Dezeen promotion: the Department of International Trade Promotion (DITP) in Thailand has launched an international campaign to showcase the country's products and brands.
"The Covid-19 outbreak has caused global economic stagnation and supply chain disruption on a never-before-seen scale," said Somdet Susomboon, director general of DITP.
"At the same time, environmental problems have accelerated. The path to recovery is therefore different. The growth strategy for the future will not be the same as the pre-Covid world," he continued.
"Now the world is facing multidimensional crises. But there is always a solution to every problem, and Thai Style Solutions could be a future-proof model for those who are looking for new ways to create a better life in these challenging times."
The initiative aims to reconnect local craft businesses in Thailand with global markets by demonstrating how Thai designers are working creatively and adapting to the needs of the post-coronavirus world.
The products from 47 designers and brands that are being promoted demonstrate how the country's designers are responding to the current crisis in five ways: Creative Solutions, Design Solutions, Growth Solutions, Green Solutions and Art Solutions.
Brands that demonstrate Creative Solutions showcase the designers' ability to adapt in creative ways.
"Equipped with Thai-styled design flair and high-quality yet flexible manufacturing capacity that can create products in a very short period of time, Thai designers can go beyond boundaries to express their creativity through unique products that can meet today's fast-changing demands," said the initiative's organisers.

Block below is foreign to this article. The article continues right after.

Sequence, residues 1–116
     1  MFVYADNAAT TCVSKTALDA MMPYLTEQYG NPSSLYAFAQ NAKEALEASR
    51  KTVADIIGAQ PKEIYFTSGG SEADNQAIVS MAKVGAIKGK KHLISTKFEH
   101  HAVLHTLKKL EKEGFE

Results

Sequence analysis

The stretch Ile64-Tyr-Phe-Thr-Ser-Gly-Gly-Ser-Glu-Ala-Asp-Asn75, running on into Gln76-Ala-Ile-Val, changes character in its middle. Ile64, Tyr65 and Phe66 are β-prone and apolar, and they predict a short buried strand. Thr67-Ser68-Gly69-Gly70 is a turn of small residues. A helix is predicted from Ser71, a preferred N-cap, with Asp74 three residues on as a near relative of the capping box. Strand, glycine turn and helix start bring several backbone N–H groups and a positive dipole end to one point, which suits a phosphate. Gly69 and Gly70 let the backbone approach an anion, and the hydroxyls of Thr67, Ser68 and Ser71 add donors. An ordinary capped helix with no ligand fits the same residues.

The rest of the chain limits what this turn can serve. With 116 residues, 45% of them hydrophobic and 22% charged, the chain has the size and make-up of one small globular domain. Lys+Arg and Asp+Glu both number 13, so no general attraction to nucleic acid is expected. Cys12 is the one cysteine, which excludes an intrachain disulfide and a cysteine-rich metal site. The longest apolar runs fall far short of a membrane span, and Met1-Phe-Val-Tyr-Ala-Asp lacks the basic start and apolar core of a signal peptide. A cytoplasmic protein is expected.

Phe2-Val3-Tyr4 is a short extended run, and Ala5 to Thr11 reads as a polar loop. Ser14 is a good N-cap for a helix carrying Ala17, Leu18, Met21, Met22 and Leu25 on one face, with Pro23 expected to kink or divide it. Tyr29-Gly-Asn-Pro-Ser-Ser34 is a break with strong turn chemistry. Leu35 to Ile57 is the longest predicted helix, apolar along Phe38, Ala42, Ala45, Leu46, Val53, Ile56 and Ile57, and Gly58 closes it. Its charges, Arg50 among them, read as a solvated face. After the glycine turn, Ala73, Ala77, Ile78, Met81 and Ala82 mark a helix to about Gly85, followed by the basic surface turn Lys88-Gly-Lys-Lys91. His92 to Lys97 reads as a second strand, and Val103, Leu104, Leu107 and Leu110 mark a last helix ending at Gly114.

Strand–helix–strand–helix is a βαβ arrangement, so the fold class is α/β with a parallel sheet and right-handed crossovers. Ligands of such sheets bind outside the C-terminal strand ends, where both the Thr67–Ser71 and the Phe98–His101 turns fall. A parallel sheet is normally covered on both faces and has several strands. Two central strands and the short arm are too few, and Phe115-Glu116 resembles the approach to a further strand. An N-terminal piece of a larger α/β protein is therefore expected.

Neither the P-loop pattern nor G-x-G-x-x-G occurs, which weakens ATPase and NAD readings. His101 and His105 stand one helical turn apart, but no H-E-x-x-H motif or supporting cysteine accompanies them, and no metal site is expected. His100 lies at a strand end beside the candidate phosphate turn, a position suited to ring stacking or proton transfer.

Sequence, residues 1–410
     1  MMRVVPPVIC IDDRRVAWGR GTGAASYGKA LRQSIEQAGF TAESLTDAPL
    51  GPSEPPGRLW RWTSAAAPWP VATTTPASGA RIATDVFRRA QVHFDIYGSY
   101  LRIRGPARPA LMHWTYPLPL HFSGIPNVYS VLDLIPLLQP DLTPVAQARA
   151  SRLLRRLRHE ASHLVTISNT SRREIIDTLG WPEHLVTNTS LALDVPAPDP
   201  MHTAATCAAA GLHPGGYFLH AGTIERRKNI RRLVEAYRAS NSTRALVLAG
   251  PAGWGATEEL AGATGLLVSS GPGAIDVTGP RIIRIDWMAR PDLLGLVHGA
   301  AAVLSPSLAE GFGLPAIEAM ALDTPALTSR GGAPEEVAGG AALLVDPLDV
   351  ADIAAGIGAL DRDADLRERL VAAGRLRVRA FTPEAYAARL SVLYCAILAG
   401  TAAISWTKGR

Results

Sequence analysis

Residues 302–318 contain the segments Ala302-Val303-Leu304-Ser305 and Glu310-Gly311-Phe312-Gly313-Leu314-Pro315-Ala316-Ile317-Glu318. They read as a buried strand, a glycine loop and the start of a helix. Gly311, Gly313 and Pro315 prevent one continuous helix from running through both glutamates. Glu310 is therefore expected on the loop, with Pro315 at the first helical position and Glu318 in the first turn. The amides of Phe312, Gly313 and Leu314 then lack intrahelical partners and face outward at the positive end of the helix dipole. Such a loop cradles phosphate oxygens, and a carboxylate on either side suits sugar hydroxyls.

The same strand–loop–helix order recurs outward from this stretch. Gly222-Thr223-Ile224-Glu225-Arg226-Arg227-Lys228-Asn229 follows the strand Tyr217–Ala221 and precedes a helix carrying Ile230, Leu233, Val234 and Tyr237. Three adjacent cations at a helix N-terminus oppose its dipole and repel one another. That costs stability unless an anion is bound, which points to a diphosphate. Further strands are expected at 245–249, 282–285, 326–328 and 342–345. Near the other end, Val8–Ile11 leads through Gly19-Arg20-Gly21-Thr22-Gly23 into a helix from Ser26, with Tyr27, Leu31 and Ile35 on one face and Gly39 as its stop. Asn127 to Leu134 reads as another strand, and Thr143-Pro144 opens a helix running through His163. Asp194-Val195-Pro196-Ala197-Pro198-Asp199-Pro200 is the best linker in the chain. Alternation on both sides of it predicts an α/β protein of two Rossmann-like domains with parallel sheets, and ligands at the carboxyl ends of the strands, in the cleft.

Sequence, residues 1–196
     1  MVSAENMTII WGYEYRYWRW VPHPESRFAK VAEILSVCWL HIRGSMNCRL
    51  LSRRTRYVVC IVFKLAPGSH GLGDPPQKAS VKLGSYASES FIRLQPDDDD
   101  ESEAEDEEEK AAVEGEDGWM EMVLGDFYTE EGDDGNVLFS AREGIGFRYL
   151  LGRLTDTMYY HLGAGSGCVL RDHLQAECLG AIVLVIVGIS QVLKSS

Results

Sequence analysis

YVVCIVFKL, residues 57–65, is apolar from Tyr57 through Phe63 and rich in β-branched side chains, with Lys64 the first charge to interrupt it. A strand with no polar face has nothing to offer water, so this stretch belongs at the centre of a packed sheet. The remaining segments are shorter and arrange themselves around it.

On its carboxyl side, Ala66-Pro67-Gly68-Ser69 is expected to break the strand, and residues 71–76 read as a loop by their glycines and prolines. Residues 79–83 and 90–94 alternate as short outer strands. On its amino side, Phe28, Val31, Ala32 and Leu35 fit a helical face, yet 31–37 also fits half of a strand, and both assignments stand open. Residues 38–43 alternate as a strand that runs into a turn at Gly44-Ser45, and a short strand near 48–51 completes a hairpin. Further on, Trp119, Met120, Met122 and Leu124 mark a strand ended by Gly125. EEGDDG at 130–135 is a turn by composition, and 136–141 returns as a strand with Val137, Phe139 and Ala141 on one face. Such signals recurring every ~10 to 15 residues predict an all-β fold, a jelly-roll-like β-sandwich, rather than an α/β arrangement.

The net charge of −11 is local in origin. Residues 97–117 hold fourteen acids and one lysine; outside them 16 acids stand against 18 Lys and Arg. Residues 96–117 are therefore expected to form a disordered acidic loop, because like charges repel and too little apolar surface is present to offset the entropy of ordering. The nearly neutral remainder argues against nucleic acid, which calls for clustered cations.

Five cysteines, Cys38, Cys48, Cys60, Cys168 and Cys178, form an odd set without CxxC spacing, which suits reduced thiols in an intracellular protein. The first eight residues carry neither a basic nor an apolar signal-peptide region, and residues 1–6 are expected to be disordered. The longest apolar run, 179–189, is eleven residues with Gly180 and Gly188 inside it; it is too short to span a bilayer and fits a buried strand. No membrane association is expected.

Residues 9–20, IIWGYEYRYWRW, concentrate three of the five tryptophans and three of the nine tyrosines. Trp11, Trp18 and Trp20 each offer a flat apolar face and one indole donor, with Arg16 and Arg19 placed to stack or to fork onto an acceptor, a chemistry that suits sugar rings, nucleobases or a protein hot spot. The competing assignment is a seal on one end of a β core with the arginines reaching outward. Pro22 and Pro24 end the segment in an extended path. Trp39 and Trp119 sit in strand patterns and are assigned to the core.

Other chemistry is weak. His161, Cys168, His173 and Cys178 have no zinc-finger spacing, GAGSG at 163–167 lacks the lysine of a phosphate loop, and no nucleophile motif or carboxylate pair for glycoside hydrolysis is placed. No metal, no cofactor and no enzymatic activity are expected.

Examples include Thai designer Nuttapong Charoenkitivarakorn, who took inspiration from corsets and high heels when creating the Sexy Chair using seatbelt scraps. The chair was featured in the 2012 film The Hunger Games.
Brands demonstrating Design Solutions include textile manufacturer Pasaya, which features face masks with antimicrobial silk fabric in its collection, and Thai designer Korakot Aromdee who works to empower local communities through design, craftsmanship and sustainable materials.
These designs, according to the organisers, "keep the balance between innovation and human touch – something that is needed more during the pandemic."
Meanwhile makers with a focus on sustainability have been included to showcase the country's Green Solutions. These include PiN Metal Art – a studio that turns discarded industrial metal waste into Thai-inspired metal chandeliers.
"When combining Thai designers' ability to think out of the box with environmentally-friendly practices, the results are innovative green solutions, from advanced bamboo materials to upcycling furniture and recycled textile," said the initiative's organisers.
The final area being showcased is Art Solutions, which aims to demonstrate the emergence of Thai artists on the global stage. This includes Tithi Kutchamuch, whose work is designed to provoke fresh perspectives and "shake up consumers' expectations".
Find out more about all of the brands being showcased as part of the Thai Style Solutions initiative on its website.